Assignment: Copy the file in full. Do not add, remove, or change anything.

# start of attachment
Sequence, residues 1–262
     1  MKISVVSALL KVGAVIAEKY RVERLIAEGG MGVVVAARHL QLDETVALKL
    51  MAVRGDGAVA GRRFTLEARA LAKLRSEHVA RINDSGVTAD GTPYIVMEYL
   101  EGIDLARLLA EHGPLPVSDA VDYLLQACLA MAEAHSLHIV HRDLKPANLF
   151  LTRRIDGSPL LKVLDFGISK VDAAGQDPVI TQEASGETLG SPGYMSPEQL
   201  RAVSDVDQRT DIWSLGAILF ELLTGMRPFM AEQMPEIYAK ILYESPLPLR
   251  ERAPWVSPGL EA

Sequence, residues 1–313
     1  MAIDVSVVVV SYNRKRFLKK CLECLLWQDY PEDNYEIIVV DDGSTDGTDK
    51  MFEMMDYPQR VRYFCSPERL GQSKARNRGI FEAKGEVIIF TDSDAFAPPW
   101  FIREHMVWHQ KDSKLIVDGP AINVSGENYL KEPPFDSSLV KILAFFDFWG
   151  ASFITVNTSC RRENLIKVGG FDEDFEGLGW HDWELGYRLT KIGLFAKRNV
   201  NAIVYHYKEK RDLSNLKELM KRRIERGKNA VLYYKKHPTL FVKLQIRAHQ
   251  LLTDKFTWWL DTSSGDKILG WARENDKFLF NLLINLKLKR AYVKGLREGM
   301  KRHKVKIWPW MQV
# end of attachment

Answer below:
Sequence, residues 1–262
     1  MKISVVSALL KVGAVIAEKY RVERLIAEGG MGVVVAARHL QLDETVALKL
    51  MAVRGDGAVA GRRFTLEARA LAKLRSEHVA RINDSGVTAD GTPYIVMEYL
   101  EGIDLARLLA EHGPLPVSDA VDYLLQACLA MAEAHSLHIV HRDLKPANLF
   151  LTRRIDGSPL LKVLDFGISK VDAAGQDPVI TQEASGETLG SPGYMSPEQL
   201  RAVSDVDQRT DIWSLGAILF ELLTGMRPFM AEQMPEIYAK ILYESPLPLR
   251  ERAPWVSPGL EA

Sequence, residues 1–313
     1  MAIDVSVVVV SYNRKRFLKK CLECLLWQDY PEDNYEIIVV DDGSTDGTDK
    51  MFEMMDYPQR VRYFCSPERL GQSKARNRGI FEAKGEVIIF TDSDAFAPPW
   101  FIREHMVWHQ KDSKLIVDGP AINVSGENYL KEPPFDSSLV KILAFFDFWG
   151  ASFITVNTSC RRENLIKVGG FDEDFEGLGW HDWELGYRLT KIGLFAKRNV
   201  NAIVYHYKEK RDLSNLKELM KRRIERGKNA VLYYKKHPTL FVKLQIRAHQ
   251  LLTDKFTWWL DTSSGDKILG WARENDKFLF NLLINLKLKR AYVKGLREGM
   301  KRHKVKIWPW MQV